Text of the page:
Bernucci, M.

Bernucci, M. T.

Chong, S. P.

Clark, C. G.

N. G. Horton, K. Wang, D. Kobat, C. G. Clark, F. W. Wise, C. B. Schaffer, and C. Xu, Nat. Photonics 7, 205 (2013).
[Crossref]

Cooke, D. F.

Dickerson, J.

D. White, E. Widdowson, H. Woodard, and J. Dickerson, Br. J. Radiol. 64, 149 (1991).
[Crossref]

Faber, D. J.

Horton, N. G.

N. G. Horton, K. Wang, D. Kobat, C. G. Clark, F. W. Wise, C. B. Schaffer, and C. Xu, Nat. Photonics 7, 205 (2013).
[Crossref]

Islam, M. N.

M. N. Islam, “Near-infrared super-continuum lasers for early detection of breast and other cancers,” U.S. patent9,993,159 (June12, 2018).

Jacques, S. L.

S. L. Jacques, Phys. Med. Biol. 58, R37 (2013).
[Crossref]

Kawagoe, H.

M. Yamanaka, T. Teranishi, H. Kawagoe, and N. Nishizawa, Sci. Rep. 6, 31715 (2016).
[Crossref]

Kobat, D.

N. G. Horton, K. Wang, D. Kobat, C. G. Clark, F. W. Wise, C. B. Schaffer, and C. Xu, Nat. Photonics 7, 205 (2013).
[Crossref]

Krubitzer, L.

Lammertyn, J.

Lange, R.

H. Liang, R. Lange, B. Peric, and M. Spring, Appl. Phys. B 111, 589 (2013).
[Crossref]

Leahy, C.

Liang, H.

H. Liang, R. Lange, B. Peric, and M. Spring, Appl. Phys. B 111, 589 (2013).
[Crossref]

Merkle, C. W.

Nishizawa, N.

M. Yamanaka, T. Teranishi, H. Kawagoe, and N. Nishizawa, Sci. Rep. 6, 31715 (2016).
[Crossref]

Peric, B.

H. Liang, R. Lange, B. Peric, and M. Spring, Appl. Phys. B 111, 589 (2013).
[Crossref]

Querry, M. R.

Radhakrishnan, H.

Reinoso, R. F.

R. F. Reinoso, B. A. Telfer, and M. Rowland, J. Pharmacol. Toxicol. Methods 38, 87 (1997).
[Crossref]

Rodríguez-Contreras, A.

L. Shi, L. A. Sordillo, A. Rodríguez-Contreras, and R. Alfano, J. Biophotonics 9, 38 (2016).
[Crossref]

Rowland, M.

R. F. Reinoso, B. A. Telfer, and M. Rowland, J. Pharmacol. Toxicol. Methods 38, 87 (1997).
[Crossref]

Saeys, W.

Schaffer, C. B.

N. G. Horton, K. Wang, D. Kobat, C. G. Clark, F. W. Wise, C. B. Schaffer, and C. Xu, Nat. Photonics 7, 205 (2013).
[Crossref]

Shi, L.

L. Shi, L. A. Sordillo, A. Rodríguez-Contreras, and R. Alfano, J. Biophotonics 9, 38 (2016).
[Crossref]

L. Shi and R. R. Alfano, Deep Imaging in Tissue and Biomedical Materials: Using Linear and Nonlinear Optical Methods (Pan Stanford, 2017).

Sordillo, L. A.

L. Shi, L. A. Sordillo, A. Rodríguez-Contreras, and R. Alfano, J. Biophotonics 9, 38 (2016).
[Crossref]

Spring, M.

H. Liang, R. Lange, B. Peric, and M. Spring, Appl. Phys. B 111, 589 (2013).
[Crossref]

Srinivasan, V. J.

Telfer, B. A.

R. F. Reinoso, B. A. Telfer, and M. Rowland, J. Pharmacol. Toxicol. Methods 38, 87 (1997).
[Crossref]

Teranishi, T.

M. Yamanaka, T. Teranishi, H. Kawagoe, and N. Nishizawa, Sci. Rep. 6, 31715 (2016).
[Crossref]

Tsuta, M.

Van Beers, R.

Van Der Meer, F. J.

van Leeuwen, T. G.

Wang, K.

N. G. Horton, K. Wang, D. Kobat, C. G. Clark, F. W. Wise, C. B. Schaffer, and C. Xu, Nat. Photonics 7, 205 (2013).
[Crossref]

Wang, L.

Watté, R.

Weng, S.

White, D.

D. White, E. Widdowson, H. Woodard, and J. Dickerson, Br. J. Radiol. 64, 149 (1991).
[Crossref]

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Figures (4)

Fig. 1.
Fig. 1. (A) Schematic of the 2.1 μm OCT system (BPF, bandpass filter; M, mirror; RC, reflective collimator; SL, scan lens; A, aperture; DC, dispersion compensation glass; PM, parabolic mirror; DG, diffraction grating; L, lens; LSC, line scan camera). (B) Spectra from different depths in water with the reference spectrum at 0 μm. (C) Sensitivity roll-off and (D) axial resolution versus depth with dispersion compensation (DC), compared to values obtained from the fringe envelope (circles). (E) System sensitivity, relative to the shot noise limit, using different operation modes of the camera (SNL, shot noise limit; FWC, full well capacity; EXP, camera exposure time). (F) Fractional contributions of different noise sources using the small FWC, long EXP mode.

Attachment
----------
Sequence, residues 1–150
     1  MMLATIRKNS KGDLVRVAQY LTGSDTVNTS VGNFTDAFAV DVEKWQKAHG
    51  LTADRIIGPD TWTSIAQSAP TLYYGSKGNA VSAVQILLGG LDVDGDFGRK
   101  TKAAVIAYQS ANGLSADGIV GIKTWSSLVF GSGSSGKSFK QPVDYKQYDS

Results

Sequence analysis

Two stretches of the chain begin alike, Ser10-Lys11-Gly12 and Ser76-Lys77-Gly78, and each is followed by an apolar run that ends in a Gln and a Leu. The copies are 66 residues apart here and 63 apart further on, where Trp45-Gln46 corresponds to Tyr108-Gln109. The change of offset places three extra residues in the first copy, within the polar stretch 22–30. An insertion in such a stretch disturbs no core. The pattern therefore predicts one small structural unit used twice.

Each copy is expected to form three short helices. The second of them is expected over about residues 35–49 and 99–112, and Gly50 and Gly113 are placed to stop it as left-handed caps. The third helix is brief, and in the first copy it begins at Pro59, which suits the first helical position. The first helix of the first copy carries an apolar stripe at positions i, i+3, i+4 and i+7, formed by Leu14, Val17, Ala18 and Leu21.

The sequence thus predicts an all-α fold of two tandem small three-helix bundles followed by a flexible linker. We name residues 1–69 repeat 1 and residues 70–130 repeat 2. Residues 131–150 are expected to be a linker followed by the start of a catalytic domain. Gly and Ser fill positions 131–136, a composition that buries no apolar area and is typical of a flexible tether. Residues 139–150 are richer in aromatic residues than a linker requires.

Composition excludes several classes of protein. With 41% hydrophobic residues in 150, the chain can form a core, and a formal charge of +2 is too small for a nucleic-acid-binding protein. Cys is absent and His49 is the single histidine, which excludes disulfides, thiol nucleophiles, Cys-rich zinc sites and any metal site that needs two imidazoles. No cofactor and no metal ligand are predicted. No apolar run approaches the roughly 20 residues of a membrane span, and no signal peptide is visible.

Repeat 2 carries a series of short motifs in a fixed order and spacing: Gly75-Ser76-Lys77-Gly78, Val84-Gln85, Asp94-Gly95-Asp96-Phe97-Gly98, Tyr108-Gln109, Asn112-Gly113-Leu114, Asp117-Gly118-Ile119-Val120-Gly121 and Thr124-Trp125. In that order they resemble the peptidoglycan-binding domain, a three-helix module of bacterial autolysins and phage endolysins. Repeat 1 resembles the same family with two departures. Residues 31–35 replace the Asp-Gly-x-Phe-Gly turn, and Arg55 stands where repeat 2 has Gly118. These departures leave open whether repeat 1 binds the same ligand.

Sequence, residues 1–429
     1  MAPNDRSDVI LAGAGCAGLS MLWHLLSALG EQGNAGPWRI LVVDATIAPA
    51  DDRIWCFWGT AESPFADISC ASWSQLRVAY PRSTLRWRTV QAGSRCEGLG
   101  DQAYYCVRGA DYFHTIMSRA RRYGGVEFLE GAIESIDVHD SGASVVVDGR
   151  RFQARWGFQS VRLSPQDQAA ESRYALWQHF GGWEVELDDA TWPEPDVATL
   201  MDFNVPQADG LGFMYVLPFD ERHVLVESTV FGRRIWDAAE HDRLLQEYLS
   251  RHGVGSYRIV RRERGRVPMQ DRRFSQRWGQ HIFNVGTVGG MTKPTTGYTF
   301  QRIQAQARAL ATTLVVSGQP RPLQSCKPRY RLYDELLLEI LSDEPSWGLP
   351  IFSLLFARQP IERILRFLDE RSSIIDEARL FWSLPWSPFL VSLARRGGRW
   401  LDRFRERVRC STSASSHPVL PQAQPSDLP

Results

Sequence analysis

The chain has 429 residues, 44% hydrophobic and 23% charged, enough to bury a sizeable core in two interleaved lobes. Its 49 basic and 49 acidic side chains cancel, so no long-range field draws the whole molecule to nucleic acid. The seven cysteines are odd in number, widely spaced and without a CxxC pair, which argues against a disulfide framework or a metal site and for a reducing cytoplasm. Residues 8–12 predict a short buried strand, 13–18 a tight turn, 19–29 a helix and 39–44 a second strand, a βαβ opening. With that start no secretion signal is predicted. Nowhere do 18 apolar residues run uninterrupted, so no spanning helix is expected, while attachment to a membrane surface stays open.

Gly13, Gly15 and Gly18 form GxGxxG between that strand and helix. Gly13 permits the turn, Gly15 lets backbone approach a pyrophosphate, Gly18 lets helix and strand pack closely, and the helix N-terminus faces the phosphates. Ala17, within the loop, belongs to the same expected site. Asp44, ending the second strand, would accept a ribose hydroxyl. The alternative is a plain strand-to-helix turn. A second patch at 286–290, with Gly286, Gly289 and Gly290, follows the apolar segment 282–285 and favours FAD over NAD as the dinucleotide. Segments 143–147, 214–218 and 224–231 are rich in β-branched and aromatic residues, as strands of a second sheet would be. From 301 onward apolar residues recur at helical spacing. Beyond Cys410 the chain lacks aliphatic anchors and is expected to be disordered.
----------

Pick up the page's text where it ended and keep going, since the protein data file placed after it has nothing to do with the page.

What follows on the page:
Fig. 2.
Fig. 2. Cross-sectional images of the rat cranium and cortex with (A) 1.3 μm and (B) 2.1 μm systems. (C) Tissue OCT signal line profiles, with boundaries of skull and cortical layer I delimited by green lines (DM, dura mater). The green shaded area represents fitted range of cortical layer I. (D) Average tissue attenuation coefficients (mean±standard deviation) of rats #1–3. Horizontal lines indicate statistically significant differences determined by two-way ANOVA. P<0.001 (***).
Fig. 3.
Fig. 3. Spectroscopic measurements of water volume fraction based on absorption. (A, D, G, J) Normalized OCT subband line profiles for 25% (v/v) IL-20 solution, dry optical diffuser, skull, and brain (rat #2). Line profile fits (dark solid lines) are based on Eq. (2). (B, E, H, K) Wavelength-dependent fitted attenuation coefficients (μt) (red) are determined as the sum of fitted absorption attenuation (fwμa,w) (blue) and fitted scattering attenuation (μt,s) (green), assuming a scattering power, b, of 0.5. Pure water absorption (μa,w) is shown for reference (blue dashed line). (C, F, I, L) Estimated water volume fraction (fw) depends weakly on assumed b. Error bars indicate standard deviations.
Fig. 4.
Fig. 4. En face angiograms of rat cranium and cortex acquired by (A) 1.3 μm and (B) 2.1 μm OCT systems. (C) Skull vessel line profiles in an ROI (orange box) reveal diminished tails at 2.1 μm, as confirmed by cross-sectional angiograms within the ROI at the two wavelengths (insets). (D) Subband skull vessel line profiles within the ROI are similar from 2.02–2.12 μm, as seen in cross-sectional angiograms within the ROI (insets). (E–G) Depth (distance to the dura mater) color-coded en face angiograms of rats with different skull thicknesses (rats #2 and #4–5). Note that the assumed refractive index in C and D is n=1.33, while in E–G, nskull=1.5 and ncortex=1.33.

Equations (2)

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I(z,λ)=C{[zzcf(λ)z0(λ)]2+1}1e2μt(λ)z,
I(z,λ)=C{[zzcf(λ)z0(λ)]2+1}1e2[A(λ500)b+fwμa,w(λ)]z.